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  Periodic Table  Haber Process Steps
  Rejected Periodic Table Kangen Water


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 History

 Uses and Raw Materials

 Reversible Reactions

 Le Chatelier's Principle

 Industrial Conditions

 Fertilizers



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History

 The Haber Process is a method of producing ammonia developed in WWI.  The Germans needed nitrogen to for making their explosives.  When the Allies blocked off all trade routes going to and from Germany, they lost all source of sodium nitrate and potassium nitrate, their source of nitrogen.  They found their source of nitrogen in the air, which was 80% nitrogen. The chemist Fritz Haber developed the Haber Process in WWI, which takes molecular nitrogen from the air and combines it with molecular hydrogen to form ammonia gas, which the chemical formula is NH3.The equation for the reversible reaction is:
                       N2(g) + 3H2(g) <--> 2NH3(g) + 92 kJ.
Below is a diagram of an iron oxide catalyst used in industries to produce ammonia economically.



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Uses and Raw Materials
    The Haber process is used to manufacture ammonia from nitrogen and hydrogen.  Ammonia could then be used to make nitric acid, which reacts with ammonia to create ammonium nitrate, which is a very important fertilizer.
    The raw materials for creating ammonia are air for nitrogen (N2(g)) and methane and water for hydrogen (H2(g)).
    Hydrogen is process by taking methane (CH4(g)) and reacting it with steam (H2O(g)) and thus creating carbon dioxide (CO2(g)) and hydrogen (H2(g)).
    The nitrogen (N2(g)) is obtained from the air by fractional distillation, because the air is made up of 80% nitrogen.
    Fractional distillation is where they take a substance with another substance mixed together, and since both substances have different boiling points, they heat up the mixture.  When the one substance with the lowest boiling point starts to boil it evaporates into a cooling jacket, which then liquidifies and is poured into a beaker or container. Then the next substance starts to boil and does the same thing except the substance is put into a different beaker or container to store it.  And this separates all of the components of mixtures and you can get one or more pure substances out of a mixture.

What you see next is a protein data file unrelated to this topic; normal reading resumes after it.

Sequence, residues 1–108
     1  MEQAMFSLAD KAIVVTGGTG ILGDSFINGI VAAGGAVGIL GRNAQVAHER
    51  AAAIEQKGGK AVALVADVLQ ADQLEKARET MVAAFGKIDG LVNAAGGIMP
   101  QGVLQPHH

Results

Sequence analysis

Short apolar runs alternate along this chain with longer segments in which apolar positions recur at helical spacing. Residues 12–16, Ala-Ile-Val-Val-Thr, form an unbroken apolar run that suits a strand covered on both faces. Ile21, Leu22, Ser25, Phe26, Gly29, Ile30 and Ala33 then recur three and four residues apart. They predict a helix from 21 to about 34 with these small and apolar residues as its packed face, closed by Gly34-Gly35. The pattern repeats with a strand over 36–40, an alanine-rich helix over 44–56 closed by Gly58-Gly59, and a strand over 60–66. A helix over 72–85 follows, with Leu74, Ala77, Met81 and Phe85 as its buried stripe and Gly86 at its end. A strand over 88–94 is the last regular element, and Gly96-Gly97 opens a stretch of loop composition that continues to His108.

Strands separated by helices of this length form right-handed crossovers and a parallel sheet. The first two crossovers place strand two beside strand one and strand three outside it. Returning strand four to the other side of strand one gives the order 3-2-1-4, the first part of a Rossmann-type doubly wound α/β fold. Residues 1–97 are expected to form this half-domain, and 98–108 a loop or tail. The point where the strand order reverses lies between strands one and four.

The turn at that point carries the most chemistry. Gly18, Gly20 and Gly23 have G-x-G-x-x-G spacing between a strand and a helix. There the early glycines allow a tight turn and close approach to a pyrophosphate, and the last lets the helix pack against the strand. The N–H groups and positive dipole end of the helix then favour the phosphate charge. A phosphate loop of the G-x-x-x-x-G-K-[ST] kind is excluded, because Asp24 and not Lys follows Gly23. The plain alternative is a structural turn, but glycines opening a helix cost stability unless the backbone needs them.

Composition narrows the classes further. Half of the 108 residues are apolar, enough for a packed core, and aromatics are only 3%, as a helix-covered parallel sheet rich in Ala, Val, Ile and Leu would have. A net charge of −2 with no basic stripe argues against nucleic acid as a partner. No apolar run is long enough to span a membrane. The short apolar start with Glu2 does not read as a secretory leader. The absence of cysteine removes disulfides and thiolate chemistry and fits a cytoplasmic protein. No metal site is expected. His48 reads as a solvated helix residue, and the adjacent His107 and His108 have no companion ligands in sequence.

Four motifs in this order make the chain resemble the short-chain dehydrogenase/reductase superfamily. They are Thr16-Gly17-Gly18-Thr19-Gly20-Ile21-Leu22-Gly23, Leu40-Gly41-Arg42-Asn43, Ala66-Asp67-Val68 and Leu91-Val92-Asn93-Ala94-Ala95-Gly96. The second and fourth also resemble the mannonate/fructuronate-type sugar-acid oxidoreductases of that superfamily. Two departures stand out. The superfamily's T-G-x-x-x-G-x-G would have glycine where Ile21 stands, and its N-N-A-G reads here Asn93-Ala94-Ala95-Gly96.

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Reversible Reactions

    When a reaction is reversible, the reaction can go either forwards or backwards.
    The FORWARD reaction is the reaction that we want, where the reactants are converted into products.  The BACKWARD reaction is where the products become the original reactants.  The reactions of both occur at the same time.
    In a CLOSED system the equilibrium mixture after awhile is reached, where a specific proportion of the mixture exists as reactants and the rest as products.  A CLOSED system is where none of the reactants or products can get out into the outside environment.
    When equilibrium has been reached it doesn't mean that the reactions have stopped.  It means that the FORWARD reaction is making products in the same amount as the BACKWARD reaction is making reactants.   This is called a DYNAMIC equilibrium.  Dynamic means moving or changing, to tell you that the reaction is till reacting.



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Le Chatelier's Principle

    For a reversible reaction, Le Chatelier's Principle states that

                         "The equilibrium position will respond
                    to oppose a change in the reaction conditions".

    Which means that is a product is removed then the equilibrium balance changes to make more of the product.  The substance then tries to go back it's original equilibrium.  then it repeats the process until nothing of the original substance is left.  This is very useful.  The reverse is also correct if you remove a reactant, the equilibrium will adjust to make more reactant, this is not useful.

    Heat may be treated as reactant (an exothermic reaction) or a product (an endothermic reaction).
    If heat is REMOVED from an exothermic reaction (cool it down) more product will be produced because the equilibrium will shift to produce it.  This will produce heat and also more chemical product that you want in the equilibrium mixture.
    If heat is ADDED to an exothermic reaction (raise it temperature) the reverse will happen and less product will be produced in the equilibrium mixture.
 

    For a reversible reaction involving gases.